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Wednesday, 20 June 2007
Page: 43

Mrs HULL (11:33 AM) —Today I rise to support the Wheat Marketing Amendment Bill 2007. In listening to the debate that has emanated from this chamber I have been staggered to hear some of the untruths and false claims made in many of the speeches from those on the opposing side of the House, commencing last evening with one of the first speakers, the member for Hotham. It is no secret that drought has claimed many victims in my electorate of Riverina and right across Australia. What angered me most during this very volatile time of drought was what happened when the current Leader of the Opposition made an obvious and deliberate decision to challenge the member for Brand and chose to lay his credentials on the table for his party colleagues to judge his performance—and perhaps the differences between what lengths he and the member for Brand were prepared to go to in order to lead the opposition.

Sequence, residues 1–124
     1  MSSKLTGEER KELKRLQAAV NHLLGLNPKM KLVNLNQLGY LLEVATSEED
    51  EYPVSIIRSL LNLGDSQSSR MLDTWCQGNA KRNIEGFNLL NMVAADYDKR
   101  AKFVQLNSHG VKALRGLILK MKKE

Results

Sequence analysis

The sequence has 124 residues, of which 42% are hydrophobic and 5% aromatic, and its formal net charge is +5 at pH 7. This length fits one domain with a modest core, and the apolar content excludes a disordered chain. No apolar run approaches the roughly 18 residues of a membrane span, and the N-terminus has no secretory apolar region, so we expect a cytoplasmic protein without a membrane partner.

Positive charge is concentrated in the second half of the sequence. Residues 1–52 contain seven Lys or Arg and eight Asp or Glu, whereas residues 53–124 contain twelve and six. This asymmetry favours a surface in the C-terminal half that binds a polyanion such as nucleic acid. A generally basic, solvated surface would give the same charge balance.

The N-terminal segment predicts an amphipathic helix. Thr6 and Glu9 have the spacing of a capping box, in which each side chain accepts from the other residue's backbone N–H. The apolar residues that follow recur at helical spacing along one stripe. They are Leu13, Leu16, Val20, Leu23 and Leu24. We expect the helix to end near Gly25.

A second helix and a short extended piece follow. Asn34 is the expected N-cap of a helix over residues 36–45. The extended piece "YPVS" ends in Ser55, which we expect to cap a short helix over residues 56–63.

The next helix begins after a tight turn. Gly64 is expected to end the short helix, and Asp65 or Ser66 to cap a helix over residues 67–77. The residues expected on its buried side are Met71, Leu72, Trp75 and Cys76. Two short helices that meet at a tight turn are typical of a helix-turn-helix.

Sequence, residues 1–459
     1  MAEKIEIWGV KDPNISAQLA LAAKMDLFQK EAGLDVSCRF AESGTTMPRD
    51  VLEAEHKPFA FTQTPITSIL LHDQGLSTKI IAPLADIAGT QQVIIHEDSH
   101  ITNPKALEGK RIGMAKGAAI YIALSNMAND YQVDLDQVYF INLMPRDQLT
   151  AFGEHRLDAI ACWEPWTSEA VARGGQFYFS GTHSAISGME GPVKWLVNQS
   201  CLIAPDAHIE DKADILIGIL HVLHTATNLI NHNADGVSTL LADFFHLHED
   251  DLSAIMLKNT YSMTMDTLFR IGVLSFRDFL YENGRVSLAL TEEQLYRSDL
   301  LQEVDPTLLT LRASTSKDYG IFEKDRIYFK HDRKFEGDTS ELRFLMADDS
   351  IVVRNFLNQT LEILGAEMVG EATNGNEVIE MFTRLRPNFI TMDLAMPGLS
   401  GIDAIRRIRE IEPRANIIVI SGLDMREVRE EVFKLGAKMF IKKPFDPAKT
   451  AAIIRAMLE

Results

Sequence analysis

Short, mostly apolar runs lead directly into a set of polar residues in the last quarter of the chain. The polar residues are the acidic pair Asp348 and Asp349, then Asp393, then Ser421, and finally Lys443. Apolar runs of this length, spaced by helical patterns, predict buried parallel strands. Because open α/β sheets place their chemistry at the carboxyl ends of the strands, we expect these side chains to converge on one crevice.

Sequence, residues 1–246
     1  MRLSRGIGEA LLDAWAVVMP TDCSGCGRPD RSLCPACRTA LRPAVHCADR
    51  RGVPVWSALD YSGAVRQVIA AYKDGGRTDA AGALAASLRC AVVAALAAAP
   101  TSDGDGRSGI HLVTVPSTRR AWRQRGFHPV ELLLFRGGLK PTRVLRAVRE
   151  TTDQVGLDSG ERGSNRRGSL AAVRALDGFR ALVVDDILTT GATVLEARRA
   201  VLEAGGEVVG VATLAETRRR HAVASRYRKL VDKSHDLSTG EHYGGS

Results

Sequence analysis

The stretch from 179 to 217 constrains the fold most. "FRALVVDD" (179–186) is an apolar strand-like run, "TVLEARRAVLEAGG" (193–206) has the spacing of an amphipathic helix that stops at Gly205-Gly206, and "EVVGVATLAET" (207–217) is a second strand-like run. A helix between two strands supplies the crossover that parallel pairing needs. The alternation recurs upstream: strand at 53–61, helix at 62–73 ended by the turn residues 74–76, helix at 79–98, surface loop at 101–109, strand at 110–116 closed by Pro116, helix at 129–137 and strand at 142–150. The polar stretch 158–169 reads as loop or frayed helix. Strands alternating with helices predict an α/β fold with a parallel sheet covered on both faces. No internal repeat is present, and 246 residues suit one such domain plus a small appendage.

What the current Leader of the Opposition must have been thinking when he was in his former portfolio as shadow for foreign affairs and sitting on that bench behind the member for Brand, when he was the Leader of the Opposition, was, ‘How can I do this to the best effect? This is a case of war, and in war there are obviously going to be some deaths and many casualties’. I am sure that this was how the member for Griffith and Leader of the Opposition was thinking: ‘Who could we dispense with in the field?’ The phrase ‘in the field’ would have struck him. He would have thought: ‘Of course! “In the field” means farmers. We haven’t anything in common with farmers; we’re not interested in what happens with country people. We have limited representation in rural and regional areas. I think that we can dispense with those pesky critters out there—farmers—and particularly with wheat farmers. There seems to be a bit of an issue around this AWB thing. It seems to have a hint of sensationalism; not only that, there are a lot of people on the world stage watching. The Americans are watching and the Canadians are watching. There are quite a few in the international scene watching this issue.’ It was an aspiring leader’s dream come true.